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Animal Fiber Yarns (Part 2)

Angora RabbitContinuing our series on animal fiber yarns, we’re exploring the next few fibers on the original list;  angora, beaver, buffalo, bison and cashmere (ah….the glorious cashmere).

Angora Properties

You are more than likely already familiar with angora as it is a very popular yarn primarily due to it’s soft and fluffy quality.  Angora yarn is produced from angora rabbits or angora goats however, if from angora goats, it is known as “angora mohair”.  (Mohair will be covered in another post).

As with many of the animal fibers, angora is insulating in nature making it toasty warm and a good choice for sweaters, hats, mittens and scarves.  It can be found either in it’s natural colors or as a dyed yarn.  More often than not, angora is found in a blend because when pure, it is an expensive, luxury yarn.

Angora is also very silky which may make it slippery to knit.  If you aren’t accustomed to working with slippery yarn, you might consider using bamboo or wood needles.

Brands/Where to buy? Angora, being as popular as it is, is fairly easy to find.  Many of the major brands offer Angora selections including Berrocco, Anny Blatt and Crystal Palace. Having trouble finding Angora at your LYS?  You can always go online and find it at WEBs.

Beaver Yarn Yarn made from beaver fur is much less common than many of the animal fibers in fact, most folks aren’t aware that there is such a thing.  It is a terrific yarn for felting hats or adding fur embellishments to apparel.    It is typically a heavy, worsted weight yarn and especially suitable for hats, caps, mittens, scarves or sweaters.

Brands/Where to Buy Beaver yarn is not at all easy to find however, if it is a yarn that you would like to play with, you can try Fur Yarn.  They have beaver fur in two grades, both eyelash, heavy worsted weight yarns in quite a few colors.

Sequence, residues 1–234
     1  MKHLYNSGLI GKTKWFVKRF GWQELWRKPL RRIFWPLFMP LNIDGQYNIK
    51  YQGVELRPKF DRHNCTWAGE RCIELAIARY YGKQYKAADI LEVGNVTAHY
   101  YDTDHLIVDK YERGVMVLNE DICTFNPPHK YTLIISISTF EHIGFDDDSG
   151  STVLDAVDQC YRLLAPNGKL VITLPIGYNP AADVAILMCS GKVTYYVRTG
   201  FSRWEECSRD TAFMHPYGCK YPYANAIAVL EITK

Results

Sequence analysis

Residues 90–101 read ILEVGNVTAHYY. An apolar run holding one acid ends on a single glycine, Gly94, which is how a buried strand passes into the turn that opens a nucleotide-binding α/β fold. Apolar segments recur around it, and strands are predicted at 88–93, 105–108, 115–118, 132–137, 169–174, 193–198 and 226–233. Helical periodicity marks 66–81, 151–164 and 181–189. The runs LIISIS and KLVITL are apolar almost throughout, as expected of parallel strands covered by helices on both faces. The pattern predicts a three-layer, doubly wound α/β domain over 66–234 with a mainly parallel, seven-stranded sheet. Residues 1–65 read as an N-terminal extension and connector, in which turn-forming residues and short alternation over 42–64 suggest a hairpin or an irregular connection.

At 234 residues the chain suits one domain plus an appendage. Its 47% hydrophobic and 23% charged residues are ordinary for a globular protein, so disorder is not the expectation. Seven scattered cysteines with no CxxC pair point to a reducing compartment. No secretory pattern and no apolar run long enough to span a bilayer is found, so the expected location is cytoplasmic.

Bison and Buffalo Buffalo is another luxury fiber produced from the coat of buffalo.  Like many animals the buffalo has both an outer and an undercoat.  Yarn made from a mix of the two produce a heavier, coarser yarn than those made from the fine downy undercoat.  Insulating and warm, buffalo provides a great yarn for sweaters, mittens, scarves and hats. 

Brands/Where to Buy Buffalo yarn is easier to find than beaver by a far stretch but remains quite pricey.  If 100% buffalo is too rich for your blood, you can experiment a bit with available blends.   Interestingly, a few manufacturers do seem to lump Bison with Buffalo.  I found a few Bison blend yarns carrying the name of “Buffalo Gold” for example at WEBs. You can also find Bison at Fibre-Isle .

Cashmere Undoubtedly a luxury fiber with a feel to make your fingers fall in love.  Cashmere is produced from the underbelly fine combings and undercoat of the cashmere goat.  I doubt there is a knitter alive who hasn’t luxuriated in the heavenly touch of cashmere but if there is and if that is you, treat yourself soon.  Find some cashmere at your LYS and give your fingers a treat.

It is insulating, warm, soft and very lightweight.   Undoubtedly a luxury fiber, cashmere is ideally suited to shawls, scarves, mittens and sweaters.

Brands/Where to Buy Cashmere yarn (either pure or spun as a blend) is relatively easy to find.  Being one of the luxury yarns, it does carry a luxury price tag however, if you are anxious to give it a try, there is an alternate source worthy of consideration; reclaimed cashmere.

You can likely find cashmere as your LYS however, if not, you most certainly can find it at WEBs.  Reclaimed cashmere is a bit more challenging to find.  I’ve been very lucky to find Elie’s Reclaimed Cashmere but if they don’t ship to a LYS near you, try searching for it on Ravelry.  You can occasionally find someone selling it there in small lots.

That’s a wrap for today.  I hope you have found something fund and new to try.  If so, please do leave a note and let us know what you have tried and share the fun.


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